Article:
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Notes toward future posts 
27th-Feb-2008 05:20 pm
chiang 2
I've gotten a little encouragement to post more often, not sure I'll actually do so but I do have a couple of "meaty" topics in my head that I'd like to post about either here or on a forum. So these are just notes toward more expansive treatments.

1. Exogenous vs. endogenous fun in mechanics

Noting that what everyone nowadays sees as the "core" of D&D's mechanics, i.e., the hit tables and hit dice, was originally just something slotted in to replace Chainmail. And Chainmail was also just grabbed off the shelf by Arneson to fill a fairly small role in his Blackmoor game--the point of impact in combat. The full game (including OD&D) was actually one of exploration, puzzle solving, characterization, spells, mysteries, etc. blah blah blah. The combat rules by themselves were really pretty pathetic, not a very fun game, but they filled a necessary role and yielded output that enriched the game as a whole. This is exogenous fun.

Compare the combat mechanics in The Fantasy Trip, or (very likely) D&D 3.x and up: here the combat rules are inherently fun, a minigame. In fact TFT started as a couple of arena combat games. In games that swing this way, the module/campaign is in a way an adjunct to the central mechanic--it provides an excuse or framing mechanism for generating scenarios or skirmishes or what-have-you, and enhances it by adding some stakes to the outcomes. This is endogenous fun.

It may be worth constructing a third category, essentially encompassing the pure stakes+narration-trading style of many new games, where the core mechanic is neither inherently fun nor particularly "productive"--it doesn't by itself generate stuff to play around with, instead it just arbitrates between options proposed by the players. Personally I don't care for this style but it seems to exist, apparently has its fans, and I believe it's worth distinguishing from the other two. But perhaps you can see that I'm struggling to describe exactly how, and what it does.

2. Getting beyond System Doesn't Matter and System Does Matter

Really, the whole thing is silly, these are presented by the naive in maximalist fashion, and it's a mistake to take them seriously. What should be done is to examine a little more how system matters; this is related to point 1 above, and is nicely shown up by arguments over what people are concerned about with D&D 4e. There are issues both of formal mechanics, dress (i.e., hype), and informal guidelines. There's also a historical dimension here as it seems with many games there's been a natural progression from system mastery to transcending system--and I wonder why that can't happen with 4e.

3. Finally, why houseruling isn't the same as creating a new game--the point I made which generated the abovementioned encouragement. This is really a return to Chris Lehrich's talk about bricolage but it may need to be said again in a new way with different emphases.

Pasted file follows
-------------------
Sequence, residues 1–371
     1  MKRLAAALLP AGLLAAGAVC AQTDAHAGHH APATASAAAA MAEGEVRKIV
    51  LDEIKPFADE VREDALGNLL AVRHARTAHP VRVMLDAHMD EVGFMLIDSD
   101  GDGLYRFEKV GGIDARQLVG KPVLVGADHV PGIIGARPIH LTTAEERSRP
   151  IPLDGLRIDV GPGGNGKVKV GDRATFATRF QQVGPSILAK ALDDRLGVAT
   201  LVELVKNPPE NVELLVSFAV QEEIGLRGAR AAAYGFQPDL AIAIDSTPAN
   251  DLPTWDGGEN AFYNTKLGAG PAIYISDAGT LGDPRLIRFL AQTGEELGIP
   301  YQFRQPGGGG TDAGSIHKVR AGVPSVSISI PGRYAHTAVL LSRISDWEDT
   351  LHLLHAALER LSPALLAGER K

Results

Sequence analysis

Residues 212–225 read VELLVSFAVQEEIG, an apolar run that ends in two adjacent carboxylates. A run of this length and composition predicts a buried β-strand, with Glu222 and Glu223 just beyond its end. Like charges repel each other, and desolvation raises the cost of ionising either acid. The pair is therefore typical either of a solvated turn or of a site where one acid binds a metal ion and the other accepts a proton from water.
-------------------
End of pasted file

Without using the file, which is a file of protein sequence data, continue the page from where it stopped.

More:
Comments 
28th-Feb-2008 04:05 am (UTC)
Well I sure as hell encourage you to post more.

In your schema, is chargen in Classic Traveller endogenous fun? I'm thinking yes, but I want to be sure.

Am trying to slot DITV into the scheme too. It's NOT a narration-rights contest in the way that, say, PTA is. And I tend to think the narration-contest games are still either exogenous or endogenous. DITV strikes me as mostly endogenous: there are some tactical and strategic wrinkles to the conflict-resolution system that are interesting in their own right. e.g. the conflict someone starts purely so they can give and get a cut-your-losses die - this gets even trickier when both sides want to give on the same conflict for that reason. OTOH, managing the minigames well is not what Dogs is about. Capes strikes me as an endogenous game, for people that enjoy it. (I don't, so I don't play Capes.)
28th-Feb-2008 04:56 am (UTC)
I think that's a good idea, to post up notes for feedback before you develop the ideas more fully. The appetisers I'm getting make me want the whole meal.

I'm not sure I'm getting this exogenous/endogenous distinction. My impression is you mean something like a main meal vs a side dish, or the whole point vs an afterthought or colour.

I don't think the distinction is that clear in reality. Considering your example of Arneson slipping in Chainmail's rules, he later replaced them with Ironclad rules. That's because "both of you roll, whoever loses dies, the other guy wins" was fine for wargames but not very satisfying for one player with one character. By adding in hit point and AC, you actually got the same end effect, just with more dice rolls - but it didn't feel the same. The difference was that "you swing, he dies" doesn't tell us much, but "you swing, you do a heavy hit, he swings, he misses" etc - well, that's a little story. It makes the hack more thespy.